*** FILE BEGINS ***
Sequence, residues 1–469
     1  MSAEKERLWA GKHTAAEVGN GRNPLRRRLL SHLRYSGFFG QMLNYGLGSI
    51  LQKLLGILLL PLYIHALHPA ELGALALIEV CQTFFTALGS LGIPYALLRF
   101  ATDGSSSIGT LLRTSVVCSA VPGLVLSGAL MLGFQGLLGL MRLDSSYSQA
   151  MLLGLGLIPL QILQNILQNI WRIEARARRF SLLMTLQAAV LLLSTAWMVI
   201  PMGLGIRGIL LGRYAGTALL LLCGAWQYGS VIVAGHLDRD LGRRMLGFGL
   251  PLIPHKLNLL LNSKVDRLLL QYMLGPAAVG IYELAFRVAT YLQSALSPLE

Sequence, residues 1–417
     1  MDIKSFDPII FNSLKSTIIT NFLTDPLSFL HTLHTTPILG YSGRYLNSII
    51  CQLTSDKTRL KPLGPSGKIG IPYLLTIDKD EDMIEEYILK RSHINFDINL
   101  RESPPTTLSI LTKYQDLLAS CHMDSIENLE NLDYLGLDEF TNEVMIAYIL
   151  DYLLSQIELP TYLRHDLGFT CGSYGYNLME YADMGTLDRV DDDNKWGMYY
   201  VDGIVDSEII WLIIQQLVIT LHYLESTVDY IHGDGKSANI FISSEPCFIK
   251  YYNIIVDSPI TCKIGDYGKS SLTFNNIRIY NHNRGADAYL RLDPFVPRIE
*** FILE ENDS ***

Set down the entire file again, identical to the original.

Sequence, residues 1–469
     1  MSAEKERLWA GKHTAAEVGN GRNPLRRRLL SHLRYSGFFG QMLNYGLGSI
    51  LQKLLGILLL PLYIHALHPA ELGALALIEV CQTFFTALGS LGIPYALLRF
   101  ATDGSSSIGT LLRTSVVCSA VPGLVLSGAL MLGFQGLLGL MRLDSSYSQA
   151  MLLGLGLIPL QILQNILQNI WRIEARARRF SLLMTLQAAV LLLSTAWMVI
   201  PMGLGIRGIL LGRYAGTALL LLCGAWQYGS VIVAGHLDRD LGRRMLGFGL
   251  PLIPHKLNLL LNSKVDRLLL QYMLGPAAVG IYELAFRVAT YLQSALSPLE

Sequence, residues 1–417
     1  MDIKSFDPII FNSLKSTIIT NFLTDPLSFL HTLHTTPILG YSGRYLNSII
    51  CQLTSDKTRL KPLGPSGKIG IPYLLTIDKD EDMIEEYILK RSHINFDINL
   101  RESPPTTLSI LTKYQDLLAS CHMDSIENLE NLDYLGLDEF TNEVMIAYIL
   151  DYLLSQIELP TYLRHDLGFT CGSYGYNLME YADMGTLDRV DDDNKWGMYY
   201  VDGIVDSEII WLIIQQLVIT LHYLESTVDY IHGDGKSANI FISSEPCFIK
   251  YYNIIVDSPI TCKIGDYGKS SLTFNNIRIY NHNRGADAYL RLDPFVPRIE